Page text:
sew a zippered wristlet (tutorial)
I’ve been making wristlets for ages now and I thought I’d share my recipe since they’re appearing with less frequency in the Splityarn shop (that’ll happen after you make 80 gazillion of something.) I wasn’t really thinking about it when I started, but choosing (notoriously hard to photograph) red as a key component to the project made for some challenging photo edits. My apologies that the pics aren’t quite up to snuff. I’m only posting the basic pictures here, but there’s more detailed photos and notes in the accompanying flickr tutorial set.
For this project you’ll need:
2 pieces of fabric (an outer fabric and one for the lining)
zipper foot (optional, but worth the investment)
1″ bias tape maker (optional)
From the outer fabric cut 2 pieces 8″ x 6.5″ and one piece 10.5″ x 1.25″
From the inner fabric cut 2 pieces 8″ x 6.5″
1. Starting with the lining, pin the zipper to one of the lining pieces both with right sides up.
Stitch across the top from end to end, fairly close to the zipper (if you have a zipper foot, now is a good time to use it.) when you’re approaching the slider and pull tab, stop with the needle down, lift the presser foot and open the zipper past the foot up into where you’ve already sewn. This is key to getting a nice, straight line.
Repeat with the 2nd piece of lining and the other half of the zipper. I don’t usually bother with pressing until after the next step.
2. To sew the outer pieces to the zipper and lining, place the right side of the zipper on top of the right side of an outer piece and pin. With a pencil or chalk mark in about .5″ from the edge (right about where the metal pieces at the end of the zipper are). This time you’re not going to sew all the way across. You’re going to sew over top of the previous stitching but between the two points you just marked. Repeat with the remaining outer piece.
3. Press the fabric away from the zipper, just like how it will be when it’s finished. Press! Press! Press! This is critical to a nice looking piece. This is the difference between homemade and handmade. You won’t get a chance to redo it after you stitch it down, so please take take time to do it right.
4. Now you’re going to top stitch the zipper down. When I do this I like to top stitch only the outer piece down onto the zipper, keeping the lining out of the way. I also like to double my thread when I top stitch in a contrasting colour; it makes the stitching pop a little more and look deliberate. Just thread your machine like you normally would, but use two pieces of thread for your needle.
Leave the zipper foot on and stitch between the metal ends of the zipper. Do this on both pieces.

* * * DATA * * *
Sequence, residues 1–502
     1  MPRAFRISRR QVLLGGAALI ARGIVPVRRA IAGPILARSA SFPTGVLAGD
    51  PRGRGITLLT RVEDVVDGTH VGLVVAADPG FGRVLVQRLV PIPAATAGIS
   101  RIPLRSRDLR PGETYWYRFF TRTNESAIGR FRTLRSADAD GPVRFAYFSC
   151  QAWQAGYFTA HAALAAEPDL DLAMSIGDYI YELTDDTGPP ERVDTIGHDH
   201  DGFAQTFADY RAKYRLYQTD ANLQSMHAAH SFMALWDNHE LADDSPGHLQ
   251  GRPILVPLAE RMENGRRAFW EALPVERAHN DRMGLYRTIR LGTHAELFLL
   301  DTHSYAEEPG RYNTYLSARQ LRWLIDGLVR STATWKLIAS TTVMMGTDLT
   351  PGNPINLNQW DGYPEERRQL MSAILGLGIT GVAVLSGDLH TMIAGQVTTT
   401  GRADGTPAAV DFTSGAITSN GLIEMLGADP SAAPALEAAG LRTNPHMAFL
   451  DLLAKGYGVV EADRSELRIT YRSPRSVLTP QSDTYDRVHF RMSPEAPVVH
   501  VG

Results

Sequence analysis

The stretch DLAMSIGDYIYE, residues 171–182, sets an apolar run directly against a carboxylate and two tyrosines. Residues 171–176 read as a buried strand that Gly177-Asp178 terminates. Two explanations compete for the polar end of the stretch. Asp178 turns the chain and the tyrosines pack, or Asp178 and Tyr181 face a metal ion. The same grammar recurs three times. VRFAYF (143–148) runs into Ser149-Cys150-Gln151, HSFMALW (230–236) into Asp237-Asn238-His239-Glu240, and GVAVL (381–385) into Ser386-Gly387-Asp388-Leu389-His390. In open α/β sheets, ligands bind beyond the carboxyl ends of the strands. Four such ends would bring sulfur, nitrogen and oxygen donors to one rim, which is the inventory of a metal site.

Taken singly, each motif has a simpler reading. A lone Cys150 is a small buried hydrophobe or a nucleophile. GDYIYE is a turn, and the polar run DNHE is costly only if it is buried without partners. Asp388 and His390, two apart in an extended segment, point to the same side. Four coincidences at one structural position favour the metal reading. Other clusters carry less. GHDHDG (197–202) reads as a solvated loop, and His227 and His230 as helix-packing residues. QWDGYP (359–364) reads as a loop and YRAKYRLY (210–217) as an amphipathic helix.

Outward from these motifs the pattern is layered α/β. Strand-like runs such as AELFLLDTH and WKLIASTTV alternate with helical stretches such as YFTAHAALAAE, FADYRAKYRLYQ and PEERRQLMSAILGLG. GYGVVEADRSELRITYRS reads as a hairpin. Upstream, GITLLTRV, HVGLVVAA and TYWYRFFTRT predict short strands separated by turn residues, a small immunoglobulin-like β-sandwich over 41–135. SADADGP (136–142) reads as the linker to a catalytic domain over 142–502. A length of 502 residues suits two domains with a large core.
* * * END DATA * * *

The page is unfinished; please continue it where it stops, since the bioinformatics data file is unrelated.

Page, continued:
5. Next up is the wrist strap. Run the long skinny strip through your bias tape maker and press the whole thing lengthwise again. If you don’t have a bias tape maker, you can simply press the edges in towards the middle, then fold in half again and press. Top stitch along the length of the strap to close it (about an eighth of an inch seam allowance)
6. Open up the zipper at least 2/3rds of the way and flip both pieces of the lining out of the way to sew later. Fold the wrist strap in half pin it to itself, then pin it onto one side of one of the outer pieces, about .5″ down, raw edges together, parallel to the zipper. Pin the outer pieces right sides together and sew from the top edge of the outer piece around 3 sides to the other top edge (1/3 – 1/2″ seam allowance.) Be careful not to catch the lining in the seam. The half inch you left unsewn when installing the zipper allows you to fold the lining out of the way.
7. Pin the right sides of the lining pieces together. Mark off an opening of at least 2 inches. I like to do this along one of the sides so when I close the seam at the end it’s less noticeable. Sew the lining together all the way around the three sides, leaving the opening (of course) This time you’ll catch a little of the tops of the outer pieces as you start and finish.
8. Clip your corners and turn right side out through the opening you left in the lining. Wiggle the corners out and then all that’s left is to close up the hole in the lining. You can do this by hand, but I detest hand-sewing anything so I do it by machine. It leaves a wee ridge, but because it’s on the inside, you won’t really notice it.
9. The very last thing is, you guessed it…
Press! Press! press!
You can vary the size easily if you have a different length of zipper. Simply measure the full length of the zipper tape and that’s how long to cut out your fabric. (A 7″ zipper usually has 8″ of tape.)
If you have any questions, please feel free to ping me. If you make one, be sure to send along a photo for the gallery!